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7,700 years ago, Mount Mazama (an ancient volcano) collapsed forming Crater Lake in its caldera. This is an amazing sight to see today…in my opinion, it is just as impressive as the Grand Canyon, though not as vast.
Because I looked online about 11 months ahead of our trip, I was too late to secure lodging in the park. So our experience at the Crater Lake Lodge was limited to the lobby, front desk, patio and dining room. The no-frill rooms only sleep two people so we needed two rooms for our family and we didn’t book far enough in advance to get the two rooms for the time we wanted (reservations open up 13 months in advance and sell out quickly.)
So that left us with only one day to explore this park. While we did make the most of our day, with a hike to Garfield Peak in the AM (see my post on Garfield Peak here) and a Rim Road Trolley tour in the afternoon (coming in a future post) we would also have liked to take the boat tour to Wizard Island and explored some other areas of the park, like the Pinnacles. You really need at least two days here to experience this park.
Crater Lake Lodge was built in 1915 and is located on the southwest rim of the Crater Lake caldera. Perched on a cliff, 1000 feet above the lake below, it boasts some wonderful views. The patio has rocking chairs where you can sit and take in the stunning scenery.
We stopped in and asked for directions and advice at the front desk before embarking on our morning’s hike. The woman at the front desk was very helpful in answering our questions about the trails.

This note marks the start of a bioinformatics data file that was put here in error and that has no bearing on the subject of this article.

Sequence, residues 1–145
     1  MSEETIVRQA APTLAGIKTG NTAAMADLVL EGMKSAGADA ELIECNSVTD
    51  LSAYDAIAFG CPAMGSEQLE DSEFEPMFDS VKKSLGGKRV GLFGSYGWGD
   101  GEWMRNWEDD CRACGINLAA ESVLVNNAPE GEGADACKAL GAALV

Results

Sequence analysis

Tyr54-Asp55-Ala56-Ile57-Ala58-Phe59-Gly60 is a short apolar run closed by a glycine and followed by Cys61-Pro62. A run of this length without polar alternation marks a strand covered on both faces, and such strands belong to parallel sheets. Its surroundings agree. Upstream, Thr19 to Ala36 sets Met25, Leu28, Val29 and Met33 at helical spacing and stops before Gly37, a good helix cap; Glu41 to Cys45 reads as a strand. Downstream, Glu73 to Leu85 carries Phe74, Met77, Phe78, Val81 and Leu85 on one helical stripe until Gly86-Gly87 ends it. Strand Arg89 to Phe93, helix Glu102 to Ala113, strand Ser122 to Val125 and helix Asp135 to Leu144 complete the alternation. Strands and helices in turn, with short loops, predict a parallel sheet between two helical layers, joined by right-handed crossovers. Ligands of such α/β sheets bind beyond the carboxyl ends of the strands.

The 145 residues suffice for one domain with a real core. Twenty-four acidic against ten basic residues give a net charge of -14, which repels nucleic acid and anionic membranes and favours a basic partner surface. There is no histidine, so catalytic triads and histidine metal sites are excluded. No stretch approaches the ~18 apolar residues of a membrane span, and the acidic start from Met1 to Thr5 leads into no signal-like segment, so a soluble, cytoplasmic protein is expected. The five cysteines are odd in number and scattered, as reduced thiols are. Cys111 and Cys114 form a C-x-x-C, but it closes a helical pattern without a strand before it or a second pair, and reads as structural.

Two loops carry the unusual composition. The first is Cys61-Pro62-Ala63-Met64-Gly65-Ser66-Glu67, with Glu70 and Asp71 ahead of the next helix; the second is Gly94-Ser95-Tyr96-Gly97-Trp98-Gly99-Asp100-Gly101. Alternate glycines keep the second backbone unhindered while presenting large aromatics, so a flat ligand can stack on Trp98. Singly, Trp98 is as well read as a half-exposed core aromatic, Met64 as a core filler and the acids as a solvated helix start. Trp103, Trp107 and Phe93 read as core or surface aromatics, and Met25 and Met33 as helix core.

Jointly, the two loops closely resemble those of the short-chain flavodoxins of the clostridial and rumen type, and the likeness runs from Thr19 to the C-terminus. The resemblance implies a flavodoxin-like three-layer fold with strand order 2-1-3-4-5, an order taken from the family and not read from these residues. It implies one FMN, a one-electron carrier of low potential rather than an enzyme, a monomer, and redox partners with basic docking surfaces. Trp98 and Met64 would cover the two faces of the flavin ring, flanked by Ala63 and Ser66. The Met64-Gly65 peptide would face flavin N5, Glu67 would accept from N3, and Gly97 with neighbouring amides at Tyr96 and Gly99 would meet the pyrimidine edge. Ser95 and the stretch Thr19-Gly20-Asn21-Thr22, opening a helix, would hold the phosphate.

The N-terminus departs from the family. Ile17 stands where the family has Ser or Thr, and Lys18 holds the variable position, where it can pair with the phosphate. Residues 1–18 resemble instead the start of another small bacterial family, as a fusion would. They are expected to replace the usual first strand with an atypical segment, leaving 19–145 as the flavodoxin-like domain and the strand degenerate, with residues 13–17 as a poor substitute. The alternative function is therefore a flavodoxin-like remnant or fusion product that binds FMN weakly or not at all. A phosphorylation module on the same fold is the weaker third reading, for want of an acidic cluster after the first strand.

The common areas are beautiful, vintage and inviting. We relaxed by the fireplace after our hike to Garfield Peak while we waited for the restaurant to open for lunch.
With some time to kill before boarding our trolley for the Rim Tour, we explored the other buildings in the village, taking the stairs behind the Visitors Center down to the Sinnott Memorial Overlook.
The Sinnott Memorial Observation Station is built into an outcropping on the cliff face of the caldera wall. It was built in 1931 and was the first NPS building constructed as a museum. Its stone masonry design set the architectural standard for future buildings at Crater Lake National Park.
The viewing area has an open-air balcony with a spectacular view of the lake, and you are 50 feet below the rim, so the view is a little different than what you can see on the balcony of the lodge. The museum exhibits, which highlight the history of Mount Mazama and the formation of Crater Lake, are located in the center of the observation room and around the walls.
Back in the village, at the conclusion of our trolley tour. We stopped in the Community Center building for some Ranger-led crafts and free cookies in celebration of the National Park Service’s 100th birthday.
Designation: National Park
Date designation declared: 5/22/1902
Date of my visit: 8/25/2016